New Texas English standards, known as the Texas Essential Knowledge and Skills (TEKS), went into effect last year. Sadly, they lack the solidity that the word “standards” implies. They have no aspiration towards concrete knowledge or grammar, taking instead a misguided “skills” approach to English. Let me repeat, the word grammar is not even mentioned…in English standards.
The relevant government officials likely do not tolerate this out of malice, but are instead unaware of the undergirding ideology of the document. Put simply, they are oblivious.
The English TEKS aim for abstraction rather than concreteness.
Shockingly, the word “grammar” does not appear in the English I, II, III, or IV Texas standards. Meanwhile, the Common Core education standards unapologetically state that students should, “Demonstrate command of the conventions of standard English grammar and usage when writing or speaking.” If an English teacher in Texas is teaching his or her students about grammar (parts of speech, clauses, etc.), that teacher is going rogue and is out of step with the Texas Education Agency.
If Texas students wished to obtain grammatical knowledge, they would have to research it independently (try not to laugh). Conversely, the Common Core appendix notes:
“Grammatical knowledge can also aid reading comprehension and interpretation. Researchers recommend that students be taught to use knowledge of grammar and usage, as well as knowledge of vocabulary, to comprehend complex academic texts.”
Are the TEKS authors not aware of this research?
In the TEKS, it is merely hoped that students will edit their writing for “command of the standard English conventions” (Eng III 9.D), without a teacher explaining what exactly those conventions are. How can we expect students to spontaneously edit themselves without being taught the conventions by…a teacher?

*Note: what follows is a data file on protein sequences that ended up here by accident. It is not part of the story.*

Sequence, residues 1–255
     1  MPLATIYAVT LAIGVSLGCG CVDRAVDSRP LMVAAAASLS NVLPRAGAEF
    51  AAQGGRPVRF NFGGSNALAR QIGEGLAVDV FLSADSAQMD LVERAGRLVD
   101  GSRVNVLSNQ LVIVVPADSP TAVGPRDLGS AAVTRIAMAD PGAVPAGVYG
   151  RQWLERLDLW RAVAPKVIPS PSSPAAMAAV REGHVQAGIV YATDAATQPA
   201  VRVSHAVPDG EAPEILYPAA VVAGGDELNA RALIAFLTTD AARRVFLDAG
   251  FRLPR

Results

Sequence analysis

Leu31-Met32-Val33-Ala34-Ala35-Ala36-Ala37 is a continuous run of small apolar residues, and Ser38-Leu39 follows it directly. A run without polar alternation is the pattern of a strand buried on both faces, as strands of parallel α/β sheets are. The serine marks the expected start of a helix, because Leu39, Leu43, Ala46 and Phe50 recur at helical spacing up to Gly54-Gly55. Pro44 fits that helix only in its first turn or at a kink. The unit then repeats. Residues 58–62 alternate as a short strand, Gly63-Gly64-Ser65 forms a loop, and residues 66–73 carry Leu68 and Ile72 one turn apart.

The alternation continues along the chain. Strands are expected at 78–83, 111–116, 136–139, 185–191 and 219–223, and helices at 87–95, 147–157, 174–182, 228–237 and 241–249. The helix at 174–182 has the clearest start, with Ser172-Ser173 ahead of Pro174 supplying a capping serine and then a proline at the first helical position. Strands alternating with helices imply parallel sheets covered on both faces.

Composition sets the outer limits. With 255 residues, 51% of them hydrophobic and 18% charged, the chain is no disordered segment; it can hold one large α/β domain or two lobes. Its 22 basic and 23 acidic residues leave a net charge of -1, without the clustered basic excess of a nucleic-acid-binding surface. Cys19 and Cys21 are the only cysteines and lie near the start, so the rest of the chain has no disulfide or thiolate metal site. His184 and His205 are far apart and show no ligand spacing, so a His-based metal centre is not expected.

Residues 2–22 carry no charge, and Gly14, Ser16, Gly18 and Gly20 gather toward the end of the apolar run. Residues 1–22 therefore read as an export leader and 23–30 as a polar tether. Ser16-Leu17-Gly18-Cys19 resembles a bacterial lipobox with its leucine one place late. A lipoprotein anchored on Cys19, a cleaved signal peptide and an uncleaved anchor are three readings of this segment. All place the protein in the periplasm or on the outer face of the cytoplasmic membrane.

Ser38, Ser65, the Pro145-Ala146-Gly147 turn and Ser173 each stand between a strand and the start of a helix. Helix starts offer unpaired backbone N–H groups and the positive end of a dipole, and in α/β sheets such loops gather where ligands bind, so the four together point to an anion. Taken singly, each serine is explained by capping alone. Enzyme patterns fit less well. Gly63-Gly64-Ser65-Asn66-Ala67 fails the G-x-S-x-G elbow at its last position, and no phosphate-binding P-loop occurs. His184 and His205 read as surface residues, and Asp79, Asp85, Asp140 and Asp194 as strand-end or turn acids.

The English TEKS aim for abstraction rather than concreteness. The jargon in the standards creates an aura of impenetrability. I have not heard any educator comment on them. Perhaps the paper-thin intellectual veneer intimidates anyone from asking questions, lest they be suspected of not understanding such a profound document.
For example, take standard Eng III.4.C:
Comprehension skills: listening, speaking, reading, writing, and thinking using multiple texts. The student uses metacognitive skills to both develop and deepen comprehension of increasingly complex texts.
The TEKS standard goes on to lay out many examples of metacognitive skills which purportedly assist students’ comprehension skills, such as “establishing purpose for reading assigned and self-selected text,” “generate questions,” and “monitor comprehension.”
This is fine in theory, but educators hold exaggerated ideas about the effectiveness of metacognitive strategies. There is little evidence to support them. As education author Natalie Wexler notes in The Knowledge Gap, focusing on metacognitive skills can actually make reading “more frustrating,” (90), making reading a laborious process of introspection rather than something natural and enjoyable. The relative benefits of metacognition are also disputed by cognitive scientist Daniel Willingham, who describes the inculcating of metacognitive skills as having a “modest benefit,” with diminishing returns as a student reaches high school.
Contrast this with the Common Core standards, now used in 41 states. The ELA Common Core standards do not bother with these metacognitive strategies. Instead they focus on having students understand what a text actually says:
Cite strong and thorough textual evidence to support analysis of what the text says explicitly as well as inferences drawn from the text, including determining where the text leaves matters uncertain.
It may seem self-evident that this is what we should be doing in English. But this represents a push back from the trend of the “personal response” or “reader response” to texts. The reader response model uses prompts such as, “This story made me feel…” or “This story reminds me of…” Sure enough, the TEKS call for students to “make connections to personal experiences” in a text. Here we go again.
Here we go again.
The Common Core is much more concise than the TEKS. It does not aim to impress readers with its dense prose. It describes its standards “clear, understandable, and consistent.”
Both the Texas standards and the Common Core include vocabulary, but the TEKS eliminated many aspects of vocabulary from their 2009 iteration, such as analyzing word analogies and using foreign language cognates to identify word meanings. Why would they take that away?
The English TEKS fail in their lack of clarity, and they omit the most basic elements of what it means to teach English. The relevant stakeholders in Texas need to reevaluate these poorly constructed “standards” as soon as possible.
(originally published at the Chalkboard Review)